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The Cambridge History of English and American Literature in 18 Volumes (1907–21).
VOLUME XVIII. Later National Literature, Part III.

XXVI. Patriotic Songs and Hymns

§ 9. I Love Thy Kingdom, Lord

Three hymns of Timothy Dwight, Ray Palmer, and Oliver Wendell Holmes are broadly representative of tendencies up to 1860. Dwight’s contribution, I Love Thy Kingdom Lord, belongs to the period of Hail Columbia (which is sometimes wrongly ascribed to him), and is involved in the theology of Jonathan Edwards, Dwight’s grandfather. After the confusion of the second stanza,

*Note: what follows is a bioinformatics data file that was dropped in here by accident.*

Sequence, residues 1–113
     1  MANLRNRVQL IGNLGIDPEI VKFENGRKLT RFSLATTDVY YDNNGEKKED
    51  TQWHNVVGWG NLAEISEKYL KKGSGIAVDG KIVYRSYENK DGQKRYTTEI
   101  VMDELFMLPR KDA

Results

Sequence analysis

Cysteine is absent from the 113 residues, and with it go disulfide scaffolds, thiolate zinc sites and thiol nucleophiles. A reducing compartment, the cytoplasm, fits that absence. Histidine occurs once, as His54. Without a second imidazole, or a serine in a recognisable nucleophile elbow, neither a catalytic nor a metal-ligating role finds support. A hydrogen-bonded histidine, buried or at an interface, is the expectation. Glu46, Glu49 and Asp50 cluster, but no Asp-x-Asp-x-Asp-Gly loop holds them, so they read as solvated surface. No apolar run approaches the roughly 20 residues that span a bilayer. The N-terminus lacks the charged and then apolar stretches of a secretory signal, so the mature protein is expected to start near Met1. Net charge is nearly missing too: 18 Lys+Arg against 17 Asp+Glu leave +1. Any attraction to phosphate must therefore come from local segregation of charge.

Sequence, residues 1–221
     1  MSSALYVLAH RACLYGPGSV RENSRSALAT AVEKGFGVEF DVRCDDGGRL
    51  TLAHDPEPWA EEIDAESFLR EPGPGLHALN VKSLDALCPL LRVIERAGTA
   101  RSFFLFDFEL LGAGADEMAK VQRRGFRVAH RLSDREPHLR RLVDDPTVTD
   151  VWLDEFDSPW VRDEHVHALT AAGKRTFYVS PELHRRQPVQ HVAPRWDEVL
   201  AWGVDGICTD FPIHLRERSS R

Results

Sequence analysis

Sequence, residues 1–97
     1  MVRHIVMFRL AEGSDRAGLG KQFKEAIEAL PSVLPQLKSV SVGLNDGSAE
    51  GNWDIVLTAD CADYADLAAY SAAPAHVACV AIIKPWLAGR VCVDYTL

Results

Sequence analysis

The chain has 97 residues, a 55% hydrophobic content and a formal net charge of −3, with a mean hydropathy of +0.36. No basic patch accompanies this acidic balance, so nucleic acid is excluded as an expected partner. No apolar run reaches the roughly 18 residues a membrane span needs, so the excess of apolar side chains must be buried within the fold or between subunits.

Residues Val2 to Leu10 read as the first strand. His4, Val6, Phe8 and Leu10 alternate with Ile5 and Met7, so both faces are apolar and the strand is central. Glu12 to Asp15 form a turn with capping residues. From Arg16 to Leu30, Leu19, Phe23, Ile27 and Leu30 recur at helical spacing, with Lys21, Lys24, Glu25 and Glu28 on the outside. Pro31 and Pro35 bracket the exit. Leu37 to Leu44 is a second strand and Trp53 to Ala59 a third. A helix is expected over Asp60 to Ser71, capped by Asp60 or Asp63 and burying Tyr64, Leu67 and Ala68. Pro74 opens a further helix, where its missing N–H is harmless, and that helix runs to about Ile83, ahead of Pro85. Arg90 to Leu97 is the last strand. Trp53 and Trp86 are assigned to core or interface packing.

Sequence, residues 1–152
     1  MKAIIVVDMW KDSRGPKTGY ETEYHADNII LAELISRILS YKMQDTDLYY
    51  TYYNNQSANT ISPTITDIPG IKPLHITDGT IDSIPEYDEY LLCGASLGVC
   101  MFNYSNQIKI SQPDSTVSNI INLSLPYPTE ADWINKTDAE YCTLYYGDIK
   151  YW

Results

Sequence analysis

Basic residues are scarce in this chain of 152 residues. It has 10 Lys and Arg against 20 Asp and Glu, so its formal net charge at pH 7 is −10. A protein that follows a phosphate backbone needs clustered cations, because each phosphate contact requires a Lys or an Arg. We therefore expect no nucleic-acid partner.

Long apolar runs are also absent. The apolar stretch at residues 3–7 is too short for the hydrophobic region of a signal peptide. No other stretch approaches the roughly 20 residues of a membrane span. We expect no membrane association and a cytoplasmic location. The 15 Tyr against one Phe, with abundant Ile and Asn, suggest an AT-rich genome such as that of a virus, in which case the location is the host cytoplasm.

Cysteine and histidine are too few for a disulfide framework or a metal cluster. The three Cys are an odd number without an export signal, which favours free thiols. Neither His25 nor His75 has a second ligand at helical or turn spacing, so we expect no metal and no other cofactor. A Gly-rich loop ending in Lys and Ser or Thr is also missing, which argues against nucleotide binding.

• Her walls before Thee stand,
  • Dear as the apple of Thine eye,
  • And graven on Thy hand,
  • and after the Calvinistic prospect of death in the third, it rises to a tone of solemn and hopeful self-dedication; and, set to the eighteenth-century tune “St. Thomas,” it becomes an austere but not unlovely choral.